In addition to outright ill-treatment, a common type of discrimination against women comes from workplace cultures that amp up the need for highly "competitive" self-serving behaviors that our culture has more actively socialized women against doing than it has socialized men against doing. Men also take advantage of prosocial things that women have been socialized towards doing.
The details differ by particular occupation. To see how this places out in a narrow neck of the woods, see "How Big is the Sexism Problem in Economics?
When men create hostile or unfair workplaces for women, there can be a tipping point where private equity firms and entrepreneurs swoop in and switch to workplaces with such a preponderance of women that the few men are unable to enforce a hostile workplace environment. But this can require a very discontinuous change. A few more women and a few less men won't do it. There are market opportunities here, but only for the bold.
Third, I do think that our culture bestows more approval on women who sacrifice salary for nonpecuniary benefits than on men who sacrifice salary for nonpecuniary benefits. Men who choose a low-paid meaningful job are more likely to face criticism than women are for not sucking it up and taking the alternative soul-deadening job in order to better support the family. Leaving anything related to child-rearing in another category (see above), here are some of the other nonpecuniary benefits women are given more social approval than men for choosing even at the cost of low pay:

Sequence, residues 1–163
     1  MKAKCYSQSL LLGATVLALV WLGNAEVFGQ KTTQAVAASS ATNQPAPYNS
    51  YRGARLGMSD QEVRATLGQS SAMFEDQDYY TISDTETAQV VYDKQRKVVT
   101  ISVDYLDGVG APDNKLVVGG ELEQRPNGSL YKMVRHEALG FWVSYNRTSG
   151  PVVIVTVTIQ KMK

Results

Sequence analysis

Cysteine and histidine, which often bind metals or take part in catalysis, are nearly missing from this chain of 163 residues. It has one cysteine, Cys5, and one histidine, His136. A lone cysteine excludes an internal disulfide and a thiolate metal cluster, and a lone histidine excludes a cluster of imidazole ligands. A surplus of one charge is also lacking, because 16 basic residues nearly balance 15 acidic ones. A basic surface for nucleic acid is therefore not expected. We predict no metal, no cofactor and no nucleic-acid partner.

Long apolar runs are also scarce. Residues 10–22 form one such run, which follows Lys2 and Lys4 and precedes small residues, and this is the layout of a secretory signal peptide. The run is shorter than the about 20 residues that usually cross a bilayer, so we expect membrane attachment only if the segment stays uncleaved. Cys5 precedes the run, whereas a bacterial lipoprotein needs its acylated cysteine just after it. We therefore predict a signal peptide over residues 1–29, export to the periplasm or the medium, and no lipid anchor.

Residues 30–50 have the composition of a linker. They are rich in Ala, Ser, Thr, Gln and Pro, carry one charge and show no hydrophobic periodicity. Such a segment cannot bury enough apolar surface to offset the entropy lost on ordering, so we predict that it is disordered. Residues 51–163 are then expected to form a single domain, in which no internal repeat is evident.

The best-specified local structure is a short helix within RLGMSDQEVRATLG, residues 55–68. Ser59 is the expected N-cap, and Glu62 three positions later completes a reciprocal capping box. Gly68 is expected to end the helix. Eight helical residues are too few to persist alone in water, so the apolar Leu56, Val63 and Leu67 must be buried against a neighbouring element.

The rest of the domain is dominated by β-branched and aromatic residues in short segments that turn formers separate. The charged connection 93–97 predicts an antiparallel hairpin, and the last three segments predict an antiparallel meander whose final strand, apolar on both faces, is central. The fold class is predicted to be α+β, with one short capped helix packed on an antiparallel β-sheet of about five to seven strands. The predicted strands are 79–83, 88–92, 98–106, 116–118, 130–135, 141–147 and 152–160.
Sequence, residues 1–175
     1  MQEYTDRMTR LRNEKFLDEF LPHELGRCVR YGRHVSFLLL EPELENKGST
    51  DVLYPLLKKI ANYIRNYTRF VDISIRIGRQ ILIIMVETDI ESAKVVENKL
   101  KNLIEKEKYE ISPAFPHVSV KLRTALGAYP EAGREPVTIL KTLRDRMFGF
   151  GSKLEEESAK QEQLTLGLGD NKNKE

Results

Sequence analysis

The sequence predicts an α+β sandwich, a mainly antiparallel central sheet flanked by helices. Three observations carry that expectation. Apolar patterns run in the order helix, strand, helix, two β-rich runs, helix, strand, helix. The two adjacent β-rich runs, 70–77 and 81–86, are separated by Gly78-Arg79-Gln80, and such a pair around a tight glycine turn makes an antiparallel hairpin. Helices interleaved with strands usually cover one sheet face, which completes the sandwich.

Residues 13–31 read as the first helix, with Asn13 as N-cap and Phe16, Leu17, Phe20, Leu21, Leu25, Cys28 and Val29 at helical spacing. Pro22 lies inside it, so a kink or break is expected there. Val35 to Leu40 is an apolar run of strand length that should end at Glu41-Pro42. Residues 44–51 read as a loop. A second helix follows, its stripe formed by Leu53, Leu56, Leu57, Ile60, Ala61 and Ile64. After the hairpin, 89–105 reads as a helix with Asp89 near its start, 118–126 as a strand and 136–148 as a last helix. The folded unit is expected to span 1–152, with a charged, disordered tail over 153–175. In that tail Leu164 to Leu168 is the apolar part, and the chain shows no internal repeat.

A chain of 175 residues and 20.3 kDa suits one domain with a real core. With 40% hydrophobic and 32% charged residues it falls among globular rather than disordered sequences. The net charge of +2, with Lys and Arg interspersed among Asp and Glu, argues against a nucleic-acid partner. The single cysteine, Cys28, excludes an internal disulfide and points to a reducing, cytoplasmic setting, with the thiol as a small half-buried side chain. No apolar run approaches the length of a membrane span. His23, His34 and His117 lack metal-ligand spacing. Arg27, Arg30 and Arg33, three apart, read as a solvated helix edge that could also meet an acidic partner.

- the knowledge that one is making the world a better place with one's job
- the knowledge that one is greatly helping particular individuals with one's job
- satisfying interpersonal interactions on the job with either coworkers or customers/clients
- an artistic element to a job
- physical safety
Looking at another, more complex dimension, both men and women are given more social approval for choosing jobs that seem gender appropriate. This cuts in all kinds of ways on the relative pay of men and women. For example, men may be too slow to leave the declining manufacturing sector for mid-level and low-level healthcare positions because a factory job seems more masculine. Here women are helped by the fact that nursing, which is a relative good career compared to factory work (given the way things are going), has been deemed gender-appropriate for women. On the other hand, women may be especially ready to go into elementary school teaching despite its low pay because even in 2018, this seems like an especially gender-appropriate career.
Conclusion: The bottom line is this:
- There are opportunities to do well by doing good in rectifying inequality in the workplace between men and women, but they may take insight and courage.
- In addition to its direct harm, men behaving badly to women can be part of the source of pay differences. Better behavior is called for. It is great to see the dam break that guarded a cesspool of sexual assault and harrassment as the #MeToo moment continues with strength. Beyond that, there are a few words recommending better behavior in my post "On Being a Good Guy."
- The personal is economic. If husbands won't relocate for the sake of their wives' careers and won't take on tougher childcare duties, it puts women behind in the workplace.
- Just because most employers aren't discriminating in the purest sense of discrimination doesn't mean that things are fair.
Hat tip to Joseph Kimball for pointing me to this video.